Principles of Design SeriesExplore the hidden art of composition. To tell interesting stories and entertain yourviewers, you’ll need to be very intentional with the layout of your images. The “Principlesof Design” are guidelines to help improve your composition skills, and examine your ownwork. No matter how fantastic your painting technique, the foundation of every greatpainting is a strong composition.Once you’ve watched these videos I recommend learning about giving and receivingcritique. It’s a subject often ignored by beginners, though it’s necessary for artists of allskill levels. See the Ctrl+Paint video on the subject here.Principles of Design: BalanceThis entry in the Principles of Design series explores the idea of a visually balancedimage. Though hard to quantify, most people are able to tell when an image isunbalanced. Generally they don’t know how to explain it, but the image seems ‘wrong’somehow. As an artist, it’s important to create balanced images!If you want to try out the techniques in the video with some orcs, make sure to downloadthem here! I will warn you — the file is a relatively large .PSD, so don’t be surprised ifthe download takes a few seconds.Also, it’s important to know that I did not invent these principles! They are extremely oldand well documented, so make sure to find other resources to explain with moredepth. Photography books seem to be especially good at some of these concepts, aswell as “Framed Ink” (my current favorite book on composition). And make sure to checkout the rest of the “Principles of Design” series!
Principles of Design: EmphasisAs an illustrator one of your jobs is directing the viewer’s attention. If you don’t give themclear instructions on where to look, they’ll manage to do it wrong. The principleof emphasis involves using contrast to make your focal point pop off the canvas. If donecorrectly, your viewer won’t know their being lead around your image.If you want to practice yourself, here are the orcs to download. And make sure to checkout the other entries in the “Principles of Design” seriesPrinciples of Design: Scale andProportionThis video introduces the concepts of scale and proportion: two spatial relationships thatwill help organize your composition. Scale deals with the measurable size of anobject. Proportion, on the other hand, deals with the size of an object relative to thosethings around it. Proportion can also be used to compare parts of a whole, for example:my thumb is wider than my middle finger. As you’ll see in the video, scale and proportioncan help anchor the image in reality and express a sense of depth to the viewer.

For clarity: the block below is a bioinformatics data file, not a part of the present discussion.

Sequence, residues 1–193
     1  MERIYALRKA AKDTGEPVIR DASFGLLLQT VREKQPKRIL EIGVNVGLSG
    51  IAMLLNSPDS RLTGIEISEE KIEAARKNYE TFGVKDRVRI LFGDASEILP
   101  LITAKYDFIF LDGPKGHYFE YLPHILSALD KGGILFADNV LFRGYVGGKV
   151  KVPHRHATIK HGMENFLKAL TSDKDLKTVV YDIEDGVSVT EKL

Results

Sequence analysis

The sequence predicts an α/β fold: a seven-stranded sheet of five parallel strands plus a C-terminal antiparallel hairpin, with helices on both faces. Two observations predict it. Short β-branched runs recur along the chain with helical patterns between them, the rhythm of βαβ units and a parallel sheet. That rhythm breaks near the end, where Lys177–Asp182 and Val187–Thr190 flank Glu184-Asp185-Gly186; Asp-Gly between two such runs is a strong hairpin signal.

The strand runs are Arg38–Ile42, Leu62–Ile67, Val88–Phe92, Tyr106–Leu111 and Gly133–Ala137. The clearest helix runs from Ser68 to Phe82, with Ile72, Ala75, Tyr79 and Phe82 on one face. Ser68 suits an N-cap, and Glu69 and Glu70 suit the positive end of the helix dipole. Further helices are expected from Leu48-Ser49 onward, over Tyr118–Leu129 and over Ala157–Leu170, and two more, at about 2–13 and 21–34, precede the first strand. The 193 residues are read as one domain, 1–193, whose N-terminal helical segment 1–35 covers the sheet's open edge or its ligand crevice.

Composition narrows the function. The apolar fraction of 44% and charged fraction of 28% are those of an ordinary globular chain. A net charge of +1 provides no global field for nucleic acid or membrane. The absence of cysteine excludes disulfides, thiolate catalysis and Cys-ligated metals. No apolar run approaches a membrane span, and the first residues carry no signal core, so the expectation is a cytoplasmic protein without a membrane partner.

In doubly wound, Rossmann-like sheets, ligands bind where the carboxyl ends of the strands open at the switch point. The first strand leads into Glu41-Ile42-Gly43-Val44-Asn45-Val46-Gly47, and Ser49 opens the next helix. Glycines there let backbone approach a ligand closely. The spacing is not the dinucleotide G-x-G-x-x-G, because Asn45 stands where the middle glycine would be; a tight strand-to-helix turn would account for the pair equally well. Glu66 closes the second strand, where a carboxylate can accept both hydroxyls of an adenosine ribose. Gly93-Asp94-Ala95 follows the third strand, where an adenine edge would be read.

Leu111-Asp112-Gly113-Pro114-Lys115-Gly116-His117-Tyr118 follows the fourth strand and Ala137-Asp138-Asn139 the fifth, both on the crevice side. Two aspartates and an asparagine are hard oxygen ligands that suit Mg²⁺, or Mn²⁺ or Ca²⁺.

Principles of Design: MovementThis episode of the Principles of Design is all about dynamic compositions. The path yourviewers’ eyes follow though a painting is no accident, so make sure you’re using it to youradvantage! In truth, each Principle of Design is intended to help guide the viewer’s eye,but “motion” is especially effective at this goal. Additionally, if you’ve been following theseries I’m sad to report that the orcs are sitting this one out.Principles of Design: Rhythm andRepetitionThis video explains two principles which are often inter-related. Rhythm, and repetition,when used intentionally can help guide your viewer through your image. Like the otherprinciples, this can be added into your set of compositional tools to help tell visualstories!Principles of Design: UnityThis final entry in the Principles of Design series is all about “Unity”, which is the state ofbalance in your image. Think of your illustration as a sauce — you don’t want anyindividual ingredient to stand out too strongly. Likewise, no single principle of designshould stand out above another, they should all combine into a plesant mixture. This is
called “unity”. If you missed any of the previous entries in this series, make sure to checkout the Principles of Design Series!